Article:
The ISIS dinar: A bad day for gold?

This may have been a very bad day for anyone who believes in gold and silver currency.

Today it was reported in the Telegraph that Islamic State, near universally recognised to be one of the most revolting regimes in history, announced it would mint a new gold, silver and copper currency to “emancipate itself from the satanic global economic system.”

Few libertarians are likely to argue against the idea of the prevailing system of finance in the modern world being something akin to satanic – given its fiat currency and nonexistent monetary value is at the root of runaway inflation, forever mounting debt, and its resulting legacy of crippling taxation – but they must surely have hoped for a more respectable patron of its alternative.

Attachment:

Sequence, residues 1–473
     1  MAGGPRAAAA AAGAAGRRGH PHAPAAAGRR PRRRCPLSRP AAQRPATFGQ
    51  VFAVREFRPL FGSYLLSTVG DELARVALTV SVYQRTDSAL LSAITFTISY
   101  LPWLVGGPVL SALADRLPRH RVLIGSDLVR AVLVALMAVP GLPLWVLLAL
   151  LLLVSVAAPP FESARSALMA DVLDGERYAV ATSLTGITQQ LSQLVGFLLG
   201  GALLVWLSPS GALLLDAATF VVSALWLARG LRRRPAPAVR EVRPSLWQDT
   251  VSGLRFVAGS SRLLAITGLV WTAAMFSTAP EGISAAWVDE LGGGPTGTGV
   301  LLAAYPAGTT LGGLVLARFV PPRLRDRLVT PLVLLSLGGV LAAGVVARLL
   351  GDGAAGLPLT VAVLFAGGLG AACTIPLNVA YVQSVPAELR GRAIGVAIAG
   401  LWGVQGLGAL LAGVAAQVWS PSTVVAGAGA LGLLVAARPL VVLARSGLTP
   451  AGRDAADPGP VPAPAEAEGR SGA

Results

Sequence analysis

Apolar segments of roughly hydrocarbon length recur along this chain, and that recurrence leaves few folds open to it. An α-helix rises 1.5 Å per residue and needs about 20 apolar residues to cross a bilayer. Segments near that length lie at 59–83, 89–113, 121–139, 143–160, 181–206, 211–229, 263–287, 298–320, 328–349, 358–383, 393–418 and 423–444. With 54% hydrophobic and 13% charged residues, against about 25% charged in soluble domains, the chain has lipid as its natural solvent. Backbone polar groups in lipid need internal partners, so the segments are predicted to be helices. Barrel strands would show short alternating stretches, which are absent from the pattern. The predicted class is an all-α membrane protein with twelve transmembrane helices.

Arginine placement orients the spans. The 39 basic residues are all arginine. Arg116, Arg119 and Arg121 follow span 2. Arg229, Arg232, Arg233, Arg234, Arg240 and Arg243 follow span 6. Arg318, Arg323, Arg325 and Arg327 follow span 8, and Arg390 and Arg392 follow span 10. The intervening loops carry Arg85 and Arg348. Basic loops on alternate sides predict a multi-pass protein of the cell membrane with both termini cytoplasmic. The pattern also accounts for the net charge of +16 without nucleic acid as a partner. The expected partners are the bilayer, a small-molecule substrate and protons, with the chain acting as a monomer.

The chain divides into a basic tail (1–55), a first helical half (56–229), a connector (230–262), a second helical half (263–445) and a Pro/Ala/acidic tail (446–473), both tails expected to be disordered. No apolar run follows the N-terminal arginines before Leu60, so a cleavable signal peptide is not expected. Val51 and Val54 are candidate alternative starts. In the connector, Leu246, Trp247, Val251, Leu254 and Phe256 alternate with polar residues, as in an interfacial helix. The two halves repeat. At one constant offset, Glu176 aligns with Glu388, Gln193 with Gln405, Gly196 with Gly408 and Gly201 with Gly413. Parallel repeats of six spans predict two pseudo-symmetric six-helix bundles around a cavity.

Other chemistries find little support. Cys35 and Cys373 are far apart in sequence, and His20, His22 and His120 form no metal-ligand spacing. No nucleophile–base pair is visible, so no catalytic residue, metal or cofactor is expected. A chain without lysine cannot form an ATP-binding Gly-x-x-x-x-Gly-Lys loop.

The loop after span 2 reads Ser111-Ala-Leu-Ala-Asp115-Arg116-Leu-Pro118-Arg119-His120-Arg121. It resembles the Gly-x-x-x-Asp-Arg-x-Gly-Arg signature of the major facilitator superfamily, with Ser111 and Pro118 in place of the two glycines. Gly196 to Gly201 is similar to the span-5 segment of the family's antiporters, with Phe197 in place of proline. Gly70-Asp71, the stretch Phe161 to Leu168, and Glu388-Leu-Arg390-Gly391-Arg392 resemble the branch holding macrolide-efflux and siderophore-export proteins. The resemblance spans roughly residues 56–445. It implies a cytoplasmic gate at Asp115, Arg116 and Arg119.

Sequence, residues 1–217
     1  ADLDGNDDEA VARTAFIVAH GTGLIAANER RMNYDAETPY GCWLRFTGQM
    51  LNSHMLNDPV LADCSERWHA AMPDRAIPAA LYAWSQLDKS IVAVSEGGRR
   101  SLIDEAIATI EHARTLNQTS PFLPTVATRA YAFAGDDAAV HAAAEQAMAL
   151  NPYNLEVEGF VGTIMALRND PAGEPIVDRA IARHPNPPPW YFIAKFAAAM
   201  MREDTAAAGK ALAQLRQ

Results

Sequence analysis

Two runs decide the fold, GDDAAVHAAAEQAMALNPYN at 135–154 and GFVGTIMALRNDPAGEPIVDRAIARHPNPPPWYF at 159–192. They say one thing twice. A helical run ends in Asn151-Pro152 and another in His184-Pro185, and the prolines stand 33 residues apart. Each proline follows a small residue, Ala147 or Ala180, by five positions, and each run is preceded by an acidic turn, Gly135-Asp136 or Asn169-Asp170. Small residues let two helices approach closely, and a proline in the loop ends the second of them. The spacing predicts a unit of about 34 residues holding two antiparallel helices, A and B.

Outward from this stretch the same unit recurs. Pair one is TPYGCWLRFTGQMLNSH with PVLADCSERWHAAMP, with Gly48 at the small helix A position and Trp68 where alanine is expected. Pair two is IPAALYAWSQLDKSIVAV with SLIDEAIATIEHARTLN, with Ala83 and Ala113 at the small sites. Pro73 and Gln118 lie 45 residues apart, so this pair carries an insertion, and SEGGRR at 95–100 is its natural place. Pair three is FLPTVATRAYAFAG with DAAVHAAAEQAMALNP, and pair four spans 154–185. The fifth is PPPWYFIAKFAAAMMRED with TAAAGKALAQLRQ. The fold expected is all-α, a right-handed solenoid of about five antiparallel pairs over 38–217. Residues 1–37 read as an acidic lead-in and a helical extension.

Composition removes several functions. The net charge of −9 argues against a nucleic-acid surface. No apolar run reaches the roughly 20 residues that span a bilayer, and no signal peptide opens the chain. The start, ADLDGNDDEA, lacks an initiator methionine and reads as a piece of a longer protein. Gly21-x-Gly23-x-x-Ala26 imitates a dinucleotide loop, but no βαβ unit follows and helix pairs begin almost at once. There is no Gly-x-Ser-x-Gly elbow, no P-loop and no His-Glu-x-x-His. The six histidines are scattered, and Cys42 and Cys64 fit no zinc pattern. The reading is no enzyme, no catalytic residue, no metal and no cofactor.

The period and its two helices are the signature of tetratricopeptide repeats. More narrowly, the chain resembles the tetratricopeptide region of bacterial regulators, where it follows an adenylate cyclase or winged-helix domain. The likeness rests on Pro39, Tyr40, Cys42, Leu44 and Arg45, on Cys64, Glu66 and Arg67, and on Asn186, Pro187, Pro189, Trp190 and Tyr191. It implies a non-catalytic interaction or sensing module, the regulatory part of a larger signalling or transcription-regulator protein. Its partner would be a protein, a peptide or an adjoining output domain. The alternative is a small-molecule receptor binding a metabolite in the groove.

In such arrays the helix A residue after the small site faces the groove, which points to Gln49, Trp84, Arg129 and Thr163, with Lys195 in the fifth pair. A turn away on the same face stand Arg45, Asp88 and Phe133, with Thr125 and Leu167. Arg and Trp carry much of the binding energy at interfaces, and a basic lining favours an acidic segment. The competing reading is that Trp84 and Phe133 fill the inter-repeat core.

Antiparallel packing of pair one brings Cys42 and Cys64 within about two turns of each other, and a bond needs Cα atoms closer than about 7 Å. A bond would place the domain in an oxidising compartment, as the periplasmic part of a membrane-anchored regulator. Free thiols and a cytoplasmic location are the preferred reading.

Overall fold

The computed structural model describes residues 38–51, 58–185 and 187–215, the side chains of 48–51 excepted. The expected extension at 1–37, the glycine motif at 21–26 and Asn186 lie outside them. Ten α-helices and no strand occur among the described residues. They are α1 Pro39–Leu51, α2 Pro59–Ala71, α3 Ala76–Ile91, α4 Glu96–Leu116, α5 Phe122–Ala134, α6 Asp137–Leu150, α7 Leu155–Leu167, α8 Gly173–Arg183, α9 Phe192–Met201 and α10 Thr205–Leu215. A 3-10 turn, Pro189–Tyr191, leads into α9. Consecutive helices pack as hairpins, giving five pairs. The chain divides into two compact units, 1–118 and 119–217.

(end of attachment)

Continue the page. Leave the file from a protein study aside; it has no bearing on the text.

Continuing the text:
True, this will be an interesting experiment to observe, but what do you do with the results? Even if the currency is a success, the name of Islamic State is rightfully far worse than mud; and while negative association may be a logical fallacy, that isn’t going to change the fact that few are likely to listen to such tainted ‘good’ news.

Even Ron Paul, who has never flinched from unpopular causes or making a controversial point, may find it hard to back up his Case for Gold with “it worked really well in the Islamic State.”

One of the most unintentionally hilarious passages in the Telegraph report, however, was Josie Ensor’s assertion that Islamic State was “thought to earn up to £5 million a month through extortion of local businesses.”

Did she mean taxation?